Go smoke-free, Northern Ky.

Health benefits are worth it

November 30, 2010 

Northern Kentucky residents should not have to pay for their region's politics with their lungs, hearts and health.

The region lags behind Lexington, Louisville, Cincinnati and the rest of Ohio in clearing the air of tobacco smoke.

Even Bardstown and Glasgow, small towns that once lived in synch with the rhythms of growing and harvesting tobacco, have done more than Covington, Florence, Newport, Highland Heights and Fort Thomas to protect their people from the serious harms caused by passive smoking.

That could change soon. Fiscal courts in Kenton and Campbell counties are poised to enact smoke-free ordinances next month. But the lame-duck county legislators are under pressure to back down.

The original idea was that all three northernmost counties would enact the same ordinance. But Boone County bailed last summer when it became obvious there was not enough support on the fiscal court. City councils in Erlanger, Newport and Wilder are on record opposing the ordinances.

Some members of the Northern Kentucky Tea Party are campaigning against smoke-free laws. While the Tea Party's emergence may energize opponents, they're trotting out the same tired old arguments that have been discredited time and again.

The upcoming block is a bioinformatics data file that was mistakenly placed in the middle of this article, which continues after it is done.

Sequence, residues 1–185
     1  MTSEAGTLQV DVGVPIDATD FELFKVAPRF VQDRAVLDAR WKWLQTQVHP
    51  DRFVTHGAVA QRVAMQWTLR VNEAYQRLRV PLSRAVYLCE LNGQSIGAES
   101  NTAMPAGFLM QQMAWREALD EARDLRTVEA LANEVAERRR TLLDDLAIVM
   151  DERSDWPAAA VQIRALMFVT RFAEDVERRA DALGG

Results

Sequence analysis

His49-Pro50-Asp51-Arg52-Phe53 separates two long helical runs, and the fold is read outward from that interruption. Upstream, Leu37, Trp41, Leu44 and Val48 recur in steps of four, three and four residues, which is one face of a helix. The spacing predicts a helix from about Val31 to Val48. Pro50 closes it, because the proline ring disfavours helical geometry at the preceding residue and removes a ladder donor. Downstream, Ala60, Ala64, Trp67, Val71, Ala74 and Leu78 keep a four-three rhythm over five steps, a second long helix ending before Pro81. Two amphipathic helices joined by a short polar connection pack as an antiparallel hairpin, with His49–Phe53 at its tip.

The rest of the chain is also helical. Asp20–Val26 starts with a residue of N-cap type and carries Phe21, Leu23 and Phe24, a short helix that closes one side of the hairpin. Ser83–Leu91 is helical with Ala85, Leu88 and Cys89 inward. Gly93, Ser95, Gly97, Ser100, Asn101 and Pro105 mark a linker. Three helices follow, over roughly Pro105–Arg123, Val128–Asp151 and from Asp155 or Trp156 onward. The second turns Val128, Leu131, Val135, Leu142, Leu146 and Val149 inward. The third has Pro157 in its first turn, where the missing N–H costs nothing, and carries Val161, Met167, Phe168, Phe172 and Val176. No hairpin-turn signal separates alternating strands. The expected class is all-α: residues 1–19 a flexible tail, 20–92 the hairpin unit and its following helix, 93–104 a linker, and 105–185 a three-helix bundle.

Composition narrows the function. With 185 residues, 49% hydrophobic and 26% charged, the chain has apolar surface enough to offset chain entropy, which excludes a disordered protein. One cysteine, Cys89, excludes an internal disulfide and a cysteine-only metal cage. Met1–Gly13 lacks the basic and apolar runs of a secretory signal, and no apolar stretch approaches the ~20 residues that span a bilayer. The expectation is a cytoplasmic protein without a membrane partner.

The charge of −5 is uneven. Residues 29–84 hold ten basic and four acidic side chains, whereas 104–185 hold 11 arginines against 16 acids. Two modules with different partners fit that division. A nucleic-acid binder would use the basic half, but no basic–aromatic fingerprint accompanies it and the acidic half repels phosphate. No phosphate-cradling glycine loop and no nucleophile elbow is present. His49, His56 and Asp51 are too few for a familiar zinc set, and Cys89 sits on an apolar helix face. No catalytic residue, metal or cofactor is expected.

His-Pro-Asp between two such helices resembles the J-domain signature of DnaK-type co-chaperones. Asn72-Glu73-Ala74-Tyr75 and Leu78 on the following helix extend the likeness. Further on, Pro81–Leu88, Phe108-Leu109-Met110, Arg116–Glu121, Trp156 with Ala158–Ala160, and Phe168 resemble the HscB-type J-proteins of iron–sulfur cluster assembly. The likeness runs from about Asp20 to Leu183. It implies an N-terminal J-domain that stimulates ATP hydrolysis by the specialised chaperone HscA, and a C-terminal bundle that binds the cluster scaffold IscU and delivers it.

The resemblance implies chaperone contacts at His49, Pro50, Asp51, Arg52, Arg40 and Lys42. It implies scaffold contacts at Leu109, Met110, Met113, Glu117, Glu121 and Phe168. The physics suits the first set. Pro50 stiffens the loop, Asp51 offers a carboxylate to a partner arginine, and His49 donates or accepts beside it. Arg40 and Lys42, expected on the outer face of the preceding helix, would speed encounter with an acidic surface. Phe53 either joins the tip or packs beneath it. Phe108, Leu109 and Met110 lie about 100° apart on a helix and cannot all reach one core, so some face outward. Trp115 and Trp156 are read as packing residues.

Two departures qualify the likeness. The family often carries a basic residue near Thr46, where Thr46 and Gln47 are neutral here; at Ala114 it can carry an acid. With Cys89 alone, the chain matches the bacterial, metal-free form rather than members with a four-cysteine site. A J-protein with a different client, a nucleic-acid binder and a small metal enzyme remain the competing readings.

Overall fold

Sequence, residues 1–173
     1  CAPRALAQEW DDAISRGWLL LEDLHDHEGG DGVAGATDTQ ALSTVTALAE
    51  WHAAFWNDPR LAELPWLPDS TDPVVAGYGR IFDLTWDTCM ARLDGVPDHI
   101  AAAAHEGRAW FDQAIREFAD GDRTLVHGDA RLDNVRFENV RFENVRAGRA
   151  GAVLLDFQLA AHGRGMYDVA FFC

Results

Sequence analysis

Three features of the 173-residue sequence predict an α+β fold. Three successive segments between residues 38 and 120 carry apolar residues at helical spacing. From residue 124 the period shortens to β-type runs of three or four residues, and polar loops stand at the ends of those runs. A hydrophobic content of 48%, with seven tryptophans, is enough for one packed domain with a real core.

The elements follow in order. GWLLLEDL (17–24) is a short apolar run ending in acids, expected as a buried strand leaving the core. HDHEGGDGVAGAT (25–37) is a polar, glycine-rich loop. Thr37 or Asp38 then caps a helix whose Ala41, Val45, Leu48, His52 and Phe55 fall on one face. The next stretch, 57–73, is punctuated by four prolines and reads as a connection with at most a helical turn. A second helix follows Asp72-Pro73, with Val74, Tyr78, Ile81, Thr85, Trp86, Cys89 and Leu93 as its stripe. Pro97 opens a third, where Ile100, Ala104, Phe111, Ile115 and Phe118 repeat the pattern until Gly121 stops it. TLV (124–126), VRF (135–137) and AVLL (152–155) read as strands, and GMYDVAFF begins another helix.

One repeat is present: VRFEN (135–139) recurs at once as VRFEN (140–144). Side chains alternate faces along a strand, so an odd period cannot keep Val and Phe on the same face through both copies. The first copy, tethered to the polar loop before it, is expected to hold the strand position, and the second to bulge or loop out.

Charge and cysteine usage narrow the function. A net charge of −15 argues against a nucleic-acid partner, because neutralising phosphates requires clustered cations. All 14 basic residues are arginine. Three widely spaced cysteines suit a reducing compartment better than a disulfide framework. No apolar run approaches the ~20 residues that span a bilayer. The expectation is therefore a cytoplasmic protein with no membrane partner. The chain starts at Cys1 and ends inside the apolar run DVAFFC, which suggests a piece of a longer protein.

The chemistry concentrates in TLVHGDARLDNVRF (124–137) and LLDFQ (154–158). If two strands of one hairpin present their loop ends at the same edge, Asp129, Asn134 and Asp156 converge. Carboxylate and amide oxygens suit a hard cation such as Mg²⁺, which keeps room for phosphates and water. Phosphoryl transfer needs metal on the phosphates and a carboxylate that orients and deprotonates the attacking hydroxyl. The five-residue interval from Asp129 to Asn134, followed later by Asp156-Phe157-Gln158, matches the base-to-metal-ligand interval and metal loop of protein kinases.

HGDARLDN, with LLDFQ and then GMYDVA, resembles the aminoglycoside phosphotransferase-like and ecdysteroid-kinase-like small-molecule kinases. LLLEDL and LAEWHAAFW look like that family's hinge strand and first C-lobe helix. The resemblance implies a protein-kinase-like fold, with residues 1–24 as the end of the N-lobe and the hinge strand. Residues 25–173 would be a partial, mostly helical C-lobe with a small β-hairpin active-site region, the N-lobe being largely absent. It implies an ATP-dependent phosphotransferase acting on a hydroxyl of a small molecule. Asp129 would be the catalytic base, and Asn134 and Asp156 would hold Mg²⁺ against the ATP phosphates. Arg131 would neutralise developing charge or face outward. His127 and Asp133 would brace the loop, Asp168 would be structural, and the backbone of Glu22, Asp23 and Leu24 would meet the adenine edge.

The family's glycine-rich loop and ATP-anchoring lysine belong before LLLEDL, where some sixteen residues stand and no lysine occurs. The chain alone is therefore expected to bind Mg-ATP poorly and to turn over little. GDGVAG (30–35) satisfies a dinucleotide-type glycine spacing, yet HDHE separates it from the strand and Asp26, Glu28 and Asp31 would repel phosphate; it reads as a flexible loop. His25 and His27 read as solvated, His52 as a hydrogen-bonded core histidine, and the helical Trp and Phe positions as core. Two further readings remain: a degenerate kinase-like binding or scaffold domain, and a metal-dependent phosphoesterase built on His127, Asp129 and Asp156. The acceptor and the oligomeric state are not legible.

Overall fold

Government regulation of smoking is no more intrusive or improper than regulating restaurant sanitation or the number of fire exits required in a public building, as the Kentucky Supreme Court ruled 6-1 in April 2004.

A conservative justice from Northern Kentucky wrote that opinion. Donald Wintersheimer, who was Covington city attorney before serving 24 years on the Supreme Court, wrote that Lexington's smoking ban, the state's first, was "not an improper infringement upon property rights."

Those worried about the economic effects need only look to Lexington and Louisville to relieve their fears. Going smoke-free will keep more Kentuckians on this side of the Ohio River and attract Buckeyes for a meal or night out.

Many opponents of smoke-free laws believe they are fighting for freedom when, in fact, they're playing stooges for the tobacco industry. A political movement such as the Tea Party that wants to protect its integrity should recoil from doing Big Tobacco's dirty work. The tobacco industry is spending billions to defeat developing nations' efforts to protect their people from being lured into tobacco addiction. In this country, tobacco companies have funded the conservative think tanks that produce the talking points against smoking bans.

Nonetheless, 79 percent of the U.S. population now lives in places covered by some form of smoke-free law. Almost half of Americans, 47.5 percent, live in places that have 100 percent smoke-free laws for workplaces, restaurants and bars. In that most most comprehensive category are Ashland, Bardstown, Campbellsville, Danville, Elizabethtown, Georgetown, Lexington, London, Louisville, Morehead, Prestonsburg and Clark, Hardin and Madison counties.

In those places, everyone is free to partake of community life and participate in the economy without fear that someone else's smoke will make them sick.

C'mon, Northern Kentucky, try it, you'll like it.

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